Indication for selfing in geographically separated populations and evidence for Pleistocene survival within the Alps: The case of Cylindrus obtusus (Pulmonata: Helicidae)

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Abstract

Background: Cylindrus obtusus is one of the most prominent endemic snail species of the Eastern Alps. It is restricted to alpine meadows and calcareous rocky habitats above 1500 m. Peculiar intraspecific differences have been observed in its genital tract in the eastern populations the two mucus glands associated with the love dart sac are highly variable, while almost no variation was observed in the western populations. This raises the question whether the mode and success of reproduction of the respective populations are different. To find out whether these anatomical differences reflect genetic differentiation, which might be an indication for distinct glacial refugia, we investigated a 650 bp fragment of the mitochondrial cytochrome oxidase subunit 1 gene (COI) (280 individuals) and 9 microsatellite loci from samples (487 individuals from 29 populations) covering the whole distribution range of the species. Results: The COI sequences show a geographic differentiation between eastern, central and western populations. The westernmost localities, which were covered under ice sheets during glacial periods, are characterized by extreme low variability. Overall genetic distances among all individuals are small (max. 1.7% p-distance). The microsatellite analysis reveals a high differentiation between populations, implying restriction of gene flow. The highest genetic variability was found in the central populations. Remarkably, nearly all individuals from the eastern populations, which are more variable in their genital morphology, are homozygous in all microsatellite loci, although different alleles were found within populations. Conclusions: The most peculiar outcome of the study is the strong evidence for selfing in C. obtusus as indicated by the microsatellite data in the easternmost populations. This finding is supported by the deformation of the mucus glands in the same populations. Since mucus glands play an important role in sexual reproduction, it seems plausible that in selfing organisms these structures are reduced. The phylogeographic structure revealed by COI sequences implies that the species has survived the ice ages within the Calcareous Alps. The small genetic distances among all individuals (max. 1.7%) suggest that C. obtusus has experienced severe bottlenecks in the past.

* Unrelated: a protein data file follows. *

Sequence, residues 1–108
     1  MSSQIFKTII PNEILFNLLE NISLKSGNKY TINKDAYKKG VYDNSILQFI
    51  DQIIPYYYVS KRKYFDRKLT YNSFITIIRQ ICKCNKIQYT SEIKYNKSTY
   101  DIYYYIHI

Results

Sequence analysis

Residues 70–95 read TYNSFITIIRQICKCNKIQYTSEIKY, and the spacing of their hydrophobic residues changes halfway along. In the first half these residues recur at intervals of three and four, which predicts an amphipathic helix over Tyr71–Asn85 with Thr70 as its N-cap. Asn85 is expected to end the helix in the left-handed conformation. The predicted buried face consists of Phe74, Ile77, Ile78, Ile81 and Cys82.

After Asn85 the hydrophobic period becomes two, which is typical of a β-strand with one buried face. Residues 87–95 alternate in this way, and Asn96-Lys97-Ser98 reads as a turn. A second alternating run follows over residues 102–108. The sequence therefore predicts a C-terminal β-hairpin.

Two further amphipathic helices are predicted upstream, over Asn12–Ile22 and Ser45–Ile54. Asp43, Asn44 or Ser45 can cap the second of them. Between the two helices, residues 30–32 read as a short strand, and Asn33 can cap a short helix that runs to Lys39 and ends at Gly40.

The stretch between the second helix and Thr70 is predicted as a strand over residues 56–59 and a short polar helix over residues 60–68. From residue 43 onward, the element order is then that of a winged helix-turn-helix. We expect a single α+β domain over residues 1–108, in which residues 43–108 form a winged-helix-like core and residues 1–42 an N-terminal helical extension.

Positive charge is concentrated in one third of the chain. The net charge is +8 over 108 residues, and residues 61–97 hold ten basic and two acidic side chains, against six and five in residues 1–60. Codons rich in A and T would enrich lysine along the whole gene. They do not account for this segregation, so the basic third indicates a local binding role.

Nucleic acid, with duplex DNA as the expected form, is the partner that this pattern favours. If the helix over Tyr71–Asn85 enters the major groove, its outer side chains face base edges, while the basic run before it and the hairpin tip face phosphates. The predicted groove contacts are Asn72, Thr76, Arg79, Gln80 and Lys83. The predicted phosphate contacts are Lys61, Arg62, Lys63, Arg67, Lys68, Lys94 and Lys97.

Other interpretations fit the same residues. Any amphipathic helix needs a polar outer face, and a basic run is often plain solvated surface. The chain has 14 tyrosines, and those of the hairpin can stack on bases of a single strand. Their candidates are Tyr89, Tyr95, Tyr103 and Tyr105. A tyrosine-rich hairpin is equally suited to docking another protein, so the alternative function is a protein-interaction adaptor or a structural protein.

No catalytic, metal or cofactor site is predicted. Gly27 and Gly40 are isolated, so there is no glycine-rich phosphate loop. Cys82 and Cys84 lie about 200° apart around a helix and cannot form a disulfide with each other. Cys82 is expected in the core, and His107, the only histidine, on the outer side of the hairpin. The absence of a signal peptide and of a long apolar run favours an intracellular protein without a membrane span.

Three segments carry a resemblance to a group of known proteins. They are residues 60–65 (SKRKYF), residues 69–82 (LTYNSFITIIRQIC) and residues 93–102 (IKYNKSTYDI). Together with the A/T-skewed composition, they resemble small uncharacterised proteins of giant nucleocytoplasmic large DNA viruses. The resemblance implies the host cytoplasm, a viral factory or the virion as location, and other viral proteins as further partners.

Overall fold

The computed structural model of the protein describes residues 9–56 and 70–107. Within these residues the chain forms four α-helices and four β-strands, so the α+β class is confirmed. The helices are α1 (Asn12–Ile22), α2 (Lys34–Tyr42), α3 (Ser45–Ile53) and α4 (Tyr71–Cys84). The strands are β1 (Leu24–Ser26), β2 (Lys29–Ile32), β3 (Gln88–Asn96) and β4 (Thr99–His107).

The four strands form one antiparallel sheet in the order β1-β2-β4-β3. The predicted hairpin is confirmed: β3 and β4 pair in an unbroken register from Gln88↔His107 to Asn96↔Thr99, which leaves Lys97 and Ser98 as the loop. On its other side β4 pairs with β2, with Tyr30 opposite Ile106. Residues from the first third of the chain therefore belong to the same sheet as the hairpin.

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Kruckenhauser, L., Haring, E., Tautscher, B., Cadahía, L., Zopp, L., Duda, M., … Sattmann, H. (2017). Indication for selfing in geographically separated populations and evidence for Pleistocene survival within the Alps: The case of Cylindrus obtusus (Pulmonata: Helicidae). BMC Evolutionary Biology, 17(1). https://doi.org/10.1186/s12862-017-0977-0

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